There’s a huge amount of moral thought and questions in this book and it’s always constantly challenged. Michael is on a quest to bring down god – but he cannot give into his hate and must hold on to his love if he doesn’t want to devolve into a demon – or go off the rails entirely, yet at the same time his hate can be an asset and a strength on several occasions and hatred even allows his happy ending to this book. Top this off with the question of doing the right thing – which involves self-sacrifice and looking at the big picture of individuals in stark contrast to the way god looks at things – and all of that comes together into a wonderful, complex and very thought provoking way. Nothing is simple and many things have multiple angles from which to view them
By reading this, there’s probably a sense that this book will give you a grand headache and be horrendously ponderous – but it’s neither. Because while there’s certainly a lot of food for thought here, it is never overwhelming at the time, it’s carried through the whole book with everything coming together rather than brief moments of complexity. The story also continues to move, all of this information and thought is brought while actively doing something or pursuing something – it isn’t naval gazing or info dumping and the story keeps moving forwards without being bogged down or lost – it comes together excellently.
I really wish I could say more, but cannot without spoiling it. It’s one of those books where I want to find people who have read it and sit down and talk about it, chewing out the mind sets the possibilities and the philosophies presented and contrasted – because it’s fascinating and it begs to be dissected and discussed and debated and thought about and discussed some more.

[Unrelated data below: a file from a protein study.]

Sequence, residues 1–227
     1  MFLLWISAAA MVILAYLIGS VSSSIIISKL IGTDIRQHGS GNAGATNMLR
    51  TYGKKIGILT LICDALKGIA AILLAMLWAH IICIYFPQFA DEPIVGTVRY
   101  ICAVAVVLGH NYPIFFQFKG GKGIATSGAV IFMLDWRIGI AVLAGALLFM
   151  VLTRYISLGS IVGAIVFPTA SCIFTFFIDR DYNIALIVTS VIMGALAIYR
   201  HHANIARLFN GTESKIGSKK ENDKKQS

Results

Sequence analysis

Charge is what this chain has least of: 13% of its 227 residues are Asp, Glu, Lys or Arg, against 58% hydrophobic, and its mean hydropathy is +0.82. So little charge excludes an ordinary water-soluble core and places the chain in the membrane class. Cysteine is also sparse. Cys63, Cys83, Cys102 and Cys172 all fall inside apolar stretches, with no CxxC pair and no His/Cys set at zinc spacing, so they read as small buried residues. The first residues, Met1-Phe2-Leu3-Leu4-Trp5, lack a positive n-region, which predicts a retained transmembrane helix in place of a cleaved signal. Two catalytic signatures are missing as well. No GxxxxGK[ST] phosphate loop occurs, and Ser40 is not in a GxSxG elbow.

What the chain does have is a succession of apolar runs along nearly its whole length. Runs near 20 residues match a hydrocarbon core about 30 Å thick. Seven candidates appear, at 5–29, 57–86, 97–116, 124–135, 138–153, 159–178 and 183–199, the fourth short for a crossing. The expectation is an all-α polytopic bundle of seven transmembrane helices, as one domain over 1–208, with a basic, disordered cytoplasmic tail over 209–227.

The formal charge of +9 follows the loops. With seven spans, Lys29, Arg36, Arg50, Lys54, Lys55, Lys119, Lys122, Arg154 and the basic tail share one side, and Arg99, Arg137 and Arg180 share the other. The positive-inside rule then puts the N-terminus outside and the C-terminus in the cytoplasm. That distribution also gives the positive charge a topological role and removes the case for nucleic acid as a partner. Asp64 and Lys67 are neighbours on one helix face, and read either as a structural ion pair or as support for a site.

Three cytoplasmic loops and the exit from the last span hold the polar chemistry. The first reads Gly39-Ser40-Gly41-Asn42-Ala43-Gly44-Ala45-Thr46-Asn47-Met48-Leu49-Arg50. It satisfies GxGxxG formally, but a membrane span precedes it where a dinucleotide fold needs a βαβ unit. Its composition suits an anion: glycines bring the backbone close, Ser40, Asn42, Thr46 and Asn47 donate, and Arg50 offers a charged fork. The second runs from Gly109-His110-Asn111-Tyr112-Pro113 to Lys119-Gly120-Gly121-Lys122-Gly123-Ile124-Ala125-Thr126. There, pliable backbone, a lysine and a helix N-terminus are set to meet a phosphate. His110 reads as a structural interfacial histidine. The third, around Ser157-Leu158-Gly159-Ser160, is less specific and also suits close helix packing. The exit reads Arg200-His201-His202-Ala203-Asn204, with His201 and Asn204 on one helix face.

We have an excellent female character with Mary, though I do wish she didn’t take the romantic track she did making her character very very very male orientated. Clytemnestra isn’t very present but where she is she is beyond capable and even Charlotte surprised me in the end, having a strength, wisdom and agency beyond what I expected; though this is still very much Michael’s story.
Zoroaster is a POC, as he should be (though his dates are a little shaky) as is Marlowe, the Perceptionist’s servant and guard (a very minor role). Mary and Judas are not, or do not seem to be, however, Mary has long red hair (which could be drawn from Renaissance art – since that was part of the arists depicting her, inaccurately, as a penitent prostitute. Or maybe she really did have red hair, though I think it unlikely). We do not have any GBLT characters.
The first book started well and this one has built upon it to go even better. It’s complex, involved, thought provoking and fascinating – it’s deeply compelling, has a strong story and will be long remembered. I have high expectations for book 3